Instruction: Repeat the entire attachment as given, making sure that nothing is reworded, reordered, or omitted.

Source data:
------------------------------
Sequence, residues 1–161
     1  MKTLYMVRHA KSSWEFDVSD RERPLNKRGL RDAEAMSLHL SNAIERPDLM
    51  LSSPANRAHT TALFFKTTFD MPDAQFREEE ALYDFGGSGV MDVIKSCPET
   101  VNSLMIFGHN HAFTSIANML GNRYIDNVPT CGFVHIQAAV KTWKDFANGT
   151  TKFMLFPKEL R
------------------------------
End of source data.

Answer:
Sequence, residues 1–161
     1  MKTLYMVRHA KSSWEFDVSD RERPLNKRGL RDAEAMSLHL SNAIERPDLM
    51  LSSPANRAHT TALFFKTTFD MPDAQFREEE ALYDFGGSGV MDVIKSCPET
   101  VNSLMIFGHN HAFTSIANML GNRYIDNVPT CGFVHIQAAV KTWKDFANGT
   151  TKFMLFPKEL R